Elections should be serious business and the media should be in the business of ensuring that voters are well-informed about the issues that separate candidate and parties. That’s the ideal, anyway. When the media took upon itself the role of the Fourth Estate, the institution that served as the check on government power and agency to inform the public about critical issues facing the states and nation, it took upon itself the responsibility to make sure that our elections were about something more than advertisements and spin. We’re right on the verge of the annual spate of editorials affirming this “sacred” role in fact, but unfortunately the pious intonations about the media’s role are not matched by serious reporting.
Instead, we’re most often given superficial coverage of spectacle and distractions. Robert McChesney, in his excellent book Dollarocracy: How the Money and Media Election Complex is Destroying America, describes the coverage that characterizes most elections in the United States today:
Media outlets obsess about misstatements and missteps— few of which ever move poll numbers— not simply on debate nights; they do so every night. Politico’s Dylan Byers wrote that “because of the pace established by Twitter and the Internet, the latest ‘gotcha’ moment snowballs faster than ever . For a reporter pressed to be ahead of the cycle, assuming conscientious-objector status would be suicide. Once one credible journalist takes the bait, everyone takes the bait.” The phenomenon is so common that Mother Jones’ Adam Serwer coined the term “dumbgeist” to refer to the plethora of “manufactured controversies, substance-free media obsessions” in campaign coverage.
We’re certainly seeing that in Montana the past few days, with the media competing with itself to run more trivial and pointless stories about the New York Times story about Senator Walsh’s alleged plagiarism at the Army War College. Again, let me be clear (especially for the literacy-challenged: John Walsh was wrong to plagiarize any portion of his academic work. And let me be clear on another point: the Montana media should cover the story. It’s certainly important to a political race. And a third point: not every member of the Montana press has treated this story like it’s the MOST IMPORTANT STORY in the history of journalism.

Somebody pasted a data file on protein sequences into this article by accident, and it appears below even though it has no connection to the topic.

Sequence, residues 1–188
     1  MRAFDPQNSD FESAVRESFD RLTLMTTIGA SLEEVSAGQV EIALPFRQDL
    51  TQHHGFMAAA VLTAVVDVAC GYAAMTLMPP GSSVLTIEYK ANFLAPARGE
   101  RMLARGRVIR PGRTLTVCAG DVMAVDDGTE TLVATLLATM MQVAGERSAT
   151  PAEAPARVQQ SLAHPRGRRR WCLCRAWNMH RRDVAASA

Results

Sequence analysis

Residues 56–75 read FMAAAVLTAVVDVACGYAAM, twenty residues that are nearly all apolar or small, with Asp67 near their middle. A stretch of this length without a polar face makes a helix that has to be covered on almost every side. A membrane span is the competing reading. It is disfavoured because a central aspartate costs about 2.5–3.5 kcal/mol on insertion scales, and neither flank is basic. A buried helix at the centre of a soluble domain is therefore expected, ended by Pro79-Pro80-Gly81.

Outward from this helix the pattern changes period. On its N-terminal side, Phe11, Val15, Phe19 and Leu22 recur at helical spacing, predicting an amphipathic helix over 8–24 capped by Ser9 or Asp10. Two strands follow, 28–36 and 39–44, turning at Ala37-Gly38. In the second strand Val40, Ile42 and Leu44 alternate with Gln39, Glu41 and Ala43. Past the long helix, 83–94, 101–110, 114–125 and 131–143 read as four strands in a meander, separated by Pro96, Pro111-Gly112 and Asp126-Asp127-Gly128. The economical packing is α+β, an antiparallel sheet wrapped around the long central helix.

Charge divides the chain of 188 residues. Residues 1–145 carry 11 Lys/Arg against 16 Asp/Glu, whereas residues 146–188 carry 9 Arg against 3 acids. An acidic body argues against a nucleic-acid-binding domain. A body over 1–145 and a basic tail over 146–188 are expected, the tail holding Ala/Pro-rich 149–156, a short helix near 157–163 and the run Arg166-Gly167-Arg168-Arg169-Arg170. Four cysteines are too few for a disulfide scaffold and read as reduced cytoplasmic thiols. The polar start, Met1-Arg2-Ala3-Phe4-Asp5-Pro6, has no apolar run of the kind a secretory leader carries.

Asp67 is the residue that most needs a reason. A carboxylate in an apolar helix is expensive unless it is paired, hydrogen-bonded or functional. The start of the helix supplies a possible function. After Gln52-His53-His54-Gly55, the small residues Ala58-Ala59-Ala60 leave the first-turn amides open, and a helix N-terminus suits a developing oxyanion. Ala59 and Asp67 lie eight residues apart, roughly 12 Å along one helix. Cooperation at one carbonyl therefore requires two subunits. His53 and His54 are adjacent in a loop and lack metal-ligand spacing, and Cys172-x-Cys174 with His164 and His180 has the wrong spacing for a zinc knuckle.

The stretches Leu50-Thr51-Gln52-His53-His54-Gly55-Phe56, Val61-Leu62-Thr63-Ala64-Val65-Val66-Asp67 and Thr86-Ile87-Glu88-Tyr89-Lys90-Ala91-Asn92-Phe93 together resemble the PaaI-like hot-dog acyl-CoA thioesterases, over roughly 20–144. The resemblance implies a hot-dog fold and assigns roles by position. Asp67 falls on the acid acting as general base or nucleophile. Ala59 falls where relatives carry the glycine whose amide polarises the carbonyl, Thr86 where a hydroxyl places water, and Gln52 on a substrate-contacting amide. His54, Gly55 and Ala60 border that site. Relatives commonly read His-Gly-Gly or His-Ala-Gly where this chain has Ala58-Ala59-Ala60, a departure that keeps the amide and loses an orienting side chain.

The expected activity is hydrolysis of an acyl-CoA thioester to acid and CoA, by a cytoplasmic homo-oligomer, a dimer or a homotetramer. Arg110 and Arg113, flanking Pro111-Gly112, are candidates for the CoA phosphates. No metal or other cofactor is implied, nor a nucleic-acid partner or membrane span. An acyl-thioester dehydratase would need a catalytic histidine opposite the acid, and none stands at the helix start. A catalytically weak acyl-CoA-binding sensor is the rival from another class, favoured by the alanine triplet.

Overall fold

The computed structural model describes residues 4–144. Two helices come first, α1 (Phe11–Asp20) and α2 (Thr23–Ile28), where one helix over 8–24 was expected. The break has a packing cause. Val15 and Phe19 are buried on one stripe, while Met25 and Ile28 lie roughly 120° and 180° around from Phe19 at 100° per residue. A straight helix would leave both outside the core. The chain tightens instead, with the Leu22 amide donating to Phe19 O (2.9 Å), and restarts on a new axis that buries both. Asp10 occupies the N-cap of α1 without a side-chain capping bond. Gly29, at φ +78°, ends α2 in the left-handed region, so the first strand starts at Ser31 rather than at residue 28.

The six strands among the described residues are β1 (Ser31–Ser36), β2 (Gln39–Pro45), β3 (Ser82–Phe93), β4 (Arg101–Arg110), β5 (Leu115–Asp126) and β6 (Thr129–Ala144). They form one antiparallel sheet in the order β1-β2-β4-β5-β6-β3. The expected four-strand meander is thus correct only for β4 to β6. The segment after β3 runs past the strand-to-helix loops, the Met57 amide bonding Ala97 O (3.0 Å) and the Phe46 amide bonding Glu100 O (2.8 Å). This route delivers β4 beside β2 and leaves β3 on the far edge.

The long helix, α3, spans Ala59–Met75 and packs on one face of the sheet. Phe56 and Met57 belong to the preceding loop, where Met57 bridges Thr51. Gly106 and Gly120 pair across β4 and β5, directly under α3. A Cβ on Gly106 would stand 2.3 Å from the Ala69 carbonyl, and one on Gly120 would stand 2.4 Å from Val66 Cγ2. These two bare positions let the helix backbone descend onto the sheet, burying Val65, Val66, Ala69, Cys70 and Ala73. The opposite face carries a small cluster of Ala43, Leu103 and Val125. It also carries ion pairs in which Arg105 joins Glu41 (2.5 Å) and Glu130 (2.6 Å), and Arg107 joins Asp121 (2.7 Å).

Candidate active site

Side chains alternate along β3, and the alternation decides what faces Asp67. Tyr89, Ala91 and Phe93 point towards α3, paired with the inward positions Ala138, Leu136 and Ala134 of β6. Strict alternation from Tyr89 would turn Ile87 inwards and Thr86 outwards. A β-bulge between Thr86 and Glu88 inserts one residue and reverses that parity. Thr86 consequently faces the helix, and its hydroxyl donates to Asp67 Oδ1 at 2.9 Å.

But there has been absolutely no sense of proportion in the coverage of this story.
Don’t agree? How about these classic pieces of Woodwardian journalism?
- Want to know how two random students at MSU felt about the story? NBC Montana has you covered.
- Want to know that two elected officials who were once teachers didn’t have a comment on the story? MTN News has you covered.
- Want to know what three veterans, devoid of context, think about the story? The Bozeman Daily Chronicle has you covered.
- Want to know if Governor Bullock read all of Senator Walsh’s college papers before selecting him? The AP has you covered.
- Want to read a rehash of the New York Times story with innuendo from totally unbiased, Koch-funded journalists? The Watchdog Wire has you covered.
- Want to know what John Bohlinger, a man who shifted his entire political point of view to try to win an election thinks? The Lee State Bureau has you covered.
Is any voter possibly better informed about the US Senate race because they’ve read or watched one of these stories? Are there any other issues the intrepid reporters in the Montana media could have covered instead, stories that would help Montana voters better understand the choice they’ll face in November?
I think so.
Now, if you want to know how Steve Daines and John Walsh will vote on critical issues facing Montana, you probably won’t be covered, because those stories can’t be reduced to 30 second or 600 word pieces—and definitely don’t have great art.
As a Democrat, and a blogger, and a concerned citizen who doesn’t want to see Steve Daines anywhere near the Senate, I’m reduced to hoping that someone will uncover a scandal in his past, because I know with near-certainty that his terrible votes on veterans’ issues, his role in outsourcing American jobs to China, and his commitment to punishing the poorest Montanans will never receive the kind of “in-depth” coverage a scandal would. Hell, the media isn’t even likely to meaningfully discuss the argument (a critical policy question facing the nation) advanced by John Walsh in his recently uncovered paper.
As an admitted partisan, I’m left to hope that Representative Daines will sue a fire department for saving his property or that he’ll take a boat ride with a drunken state senator, because too many of the professional journalists in this state seem think their job is to cover superficial spectacle stories with even more alacrity than bloggers do.
And win or lose, Walsh or Daines, that’s a damn shame.